It’s too bad. I enjoyed working for Performance for four years, and finally quit when my rent went up to move back to Portland. I hope my coworkers are ok.

Modern American profit-gouging investment capitalism should be outlawed.

Timo
Guest

Very sad to hear of another bike shop gone.
I do want to make a slight correction – East Portland has one more bike shop, open Thursday, Friday and Saturday, located around the back of the Rosewood Initiative, 16126 SE Stark St.
It’s a partnership with another great non-profit, p:ear…
https://www.pearmentor.org/news/introducing-p-ear-bike-works

meh
Guest
meh

Can’t say I didn’t see it coming. Having worked for them as a store manager I can say they never took the brick and mortar side of things all that seriously. Not sure why they are closing the Beaverton store, it was their top location for the last two years.

Nice to see the comments in the BRAIN articles where the LBS’s are asking those losing their jobs to come apply.

Hop
Guest
Hop

I was an original employee and helped to open the Beaverton store back in ’93. Sad to see it go.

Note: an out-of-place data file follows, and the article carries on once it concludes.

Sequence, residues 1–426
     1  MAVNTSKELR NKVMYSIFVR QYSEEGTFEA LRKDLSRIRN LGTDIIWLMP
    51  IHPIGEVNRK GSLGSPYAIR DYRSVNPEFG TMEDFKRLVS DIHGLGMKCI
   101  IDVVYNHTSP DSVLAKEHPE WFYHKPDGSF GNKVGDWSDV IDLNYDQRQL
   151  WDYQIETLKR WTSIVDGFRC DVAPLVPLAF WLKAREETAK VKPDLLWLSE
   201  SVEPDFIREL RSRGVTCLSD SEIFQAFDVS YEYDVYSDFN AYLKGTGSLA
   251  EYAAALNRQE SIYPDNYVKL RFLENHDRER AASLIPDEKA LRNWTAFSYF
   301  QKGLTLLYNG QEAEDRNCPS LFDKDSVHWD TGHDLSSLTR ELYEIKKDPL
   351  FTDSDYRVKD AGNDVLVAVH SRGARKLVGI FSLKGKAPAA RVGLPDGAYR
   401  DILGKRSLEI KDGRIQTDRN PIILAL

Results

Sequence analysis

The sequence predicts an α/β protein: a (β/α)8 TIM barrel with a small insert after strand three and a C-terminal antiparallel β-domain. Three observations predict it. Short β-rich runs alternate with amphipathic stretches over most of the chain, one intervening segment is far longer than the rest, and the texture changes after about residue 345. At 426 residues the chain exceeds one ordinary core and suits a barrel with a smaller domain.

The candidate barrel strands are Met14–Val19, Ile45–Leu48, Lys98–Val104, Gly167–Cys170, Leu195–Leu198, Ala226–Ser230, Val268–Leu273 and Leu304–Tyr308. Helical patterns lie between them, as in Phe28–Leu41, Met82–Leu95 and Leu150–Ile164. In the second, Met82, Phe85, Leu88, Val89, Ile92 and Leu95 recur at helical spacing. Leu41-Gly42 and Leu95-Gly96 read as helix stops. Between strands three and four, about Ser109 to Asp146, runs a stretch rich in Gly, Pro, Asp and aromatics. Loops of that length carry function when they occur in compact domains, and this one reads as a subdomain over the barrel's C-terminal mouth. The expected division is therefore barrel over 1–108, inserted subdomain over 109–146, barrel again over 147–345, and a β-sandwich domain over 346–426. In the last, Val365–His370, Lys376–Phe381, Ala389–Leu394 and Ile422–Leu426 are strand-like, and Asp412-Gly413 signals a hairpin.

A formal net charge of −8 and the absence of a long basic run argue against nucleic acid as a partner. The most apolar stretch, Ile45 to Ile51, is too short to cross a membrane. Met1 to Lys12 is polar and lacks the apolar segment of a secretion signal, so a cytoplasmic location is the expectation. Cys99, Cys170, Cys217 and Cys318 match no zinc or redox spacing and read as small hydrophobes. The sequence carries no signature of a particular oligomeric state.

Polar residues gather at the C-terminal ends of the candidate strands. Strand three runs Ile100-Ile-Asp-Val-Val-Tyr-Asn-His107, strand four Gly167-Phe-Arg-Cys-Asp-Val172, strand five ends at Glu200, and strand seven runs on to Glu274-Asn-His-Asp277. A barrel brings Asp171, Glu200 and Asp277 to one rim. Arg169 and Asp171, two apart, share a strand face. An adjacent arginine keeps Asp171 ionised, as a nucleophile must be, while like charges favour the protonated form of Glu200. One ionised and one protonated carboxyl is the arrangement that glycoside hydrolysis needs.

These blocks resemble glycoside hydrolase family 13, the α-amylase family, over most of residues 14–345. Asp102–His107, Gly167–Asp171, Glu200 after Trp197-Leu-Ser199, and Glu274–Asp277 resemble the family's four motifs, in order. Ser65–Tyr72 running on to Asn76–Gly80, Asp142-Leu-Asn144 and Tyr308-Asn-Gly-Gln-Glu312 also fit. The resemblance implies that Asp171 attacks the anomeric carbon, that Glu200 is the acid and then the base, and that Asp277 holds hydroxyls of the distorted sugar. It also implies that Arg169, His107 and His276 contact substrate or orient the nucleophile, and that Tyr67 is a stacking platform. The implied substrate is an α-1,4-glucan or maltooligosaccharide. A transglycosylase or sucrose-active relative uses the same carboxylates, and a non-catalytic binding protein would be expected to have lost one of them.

canuck
Guest
canuck

Was in the Beaverton store on Friday. The 40% off was on the banners but the best I saw was 20% off.

Looked like they weren’t honoring Team Performance and were pointing customers to the website.

Very hard to find the information on their website, just a red banner at the top stating “An important update for all Performance Bike customers” Here’s the link.

https://www.performancebike.com/shop/importantupdate

Here’s the specifics on Team Performance.

For Team Performance members:

• All current members’ accounts, and their points, will expire at the end of their current membership.
• New memberships, membership renewals and auto-renewals are suspended in all stores and online.
• All current Team Performance Members can redeem points online at PerformanceBike.com and over the phone at 1-800-727-2453.
• All current Team Performance Members can earn points on purchases made online at PerformanceBike.com.
• There will no longer be automatic 2nd Business Day shipping on member orders. Upgraded shipping remains available for an extra charge and online orders receive free shipping on orders of $49 or more.

Beth H
Guest
Beth H

Hate to be blunt, but:
1. A lot of folks saw this coming.

2. While I’m sorry for the workers, I’m also not really invested in the success of for-profit bicycle retail anymore. The industry continued for far too long to rely heavily on the trickle-down in design from racing, and to pursue a highly unsustainable business model of annual “upgrades” and “innovations” for decades.